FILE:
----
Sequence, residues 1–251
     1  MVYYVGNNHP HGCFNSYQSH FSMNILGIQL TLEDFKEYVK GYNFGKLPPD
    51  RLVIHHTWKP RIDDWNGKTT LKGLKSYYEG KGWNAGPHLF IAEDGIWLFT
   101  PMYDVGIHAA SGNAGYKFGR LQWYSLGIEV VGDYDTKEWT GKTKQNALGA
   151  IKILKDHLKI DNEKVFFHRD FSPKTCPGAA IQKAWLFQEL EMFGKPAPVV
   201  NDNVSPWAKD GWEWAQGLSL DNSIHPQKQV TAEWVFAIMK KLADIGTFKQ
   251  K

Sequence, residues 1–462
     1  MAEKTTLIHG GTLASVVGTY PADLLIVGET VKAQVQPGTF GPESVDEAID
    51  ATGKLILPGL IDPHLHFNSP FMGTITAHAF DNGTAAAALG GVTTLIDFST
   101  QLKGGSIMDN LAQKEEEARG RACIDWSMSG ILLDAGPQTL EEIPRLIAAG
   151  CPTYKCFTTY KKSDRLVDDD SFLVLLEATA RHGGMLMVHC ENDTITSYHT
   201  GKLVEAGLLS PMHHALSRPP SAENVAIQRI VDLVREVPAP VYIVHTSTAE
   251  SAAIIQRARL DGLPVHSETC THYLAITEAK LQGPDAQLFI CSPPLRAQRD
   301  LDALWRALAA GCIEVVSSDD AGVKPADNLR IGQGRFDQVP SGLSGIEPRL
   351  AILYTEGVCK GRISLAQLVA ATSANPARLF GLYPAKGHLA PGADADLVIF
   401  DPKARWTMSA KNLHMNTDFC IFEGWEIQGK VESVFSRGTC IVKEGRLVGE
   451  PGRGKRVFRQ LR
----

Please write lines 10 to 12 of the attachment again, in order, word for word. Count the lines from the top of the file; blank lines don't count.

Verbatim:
    51  ATGKLILPGL IDPHLHFNSP FMGTITAHAF DNGTAAAALG GVTTLIDFST
   101  QLKGGSIMDN LAQKEEEARG RACIDWSMSG ILLDAGPQTL EEIPRLIAAG
   151  CPTYKCFTTY KKSDRLVDDD SFLVLLEATA RHGGMLMVHC ENDTITSYHT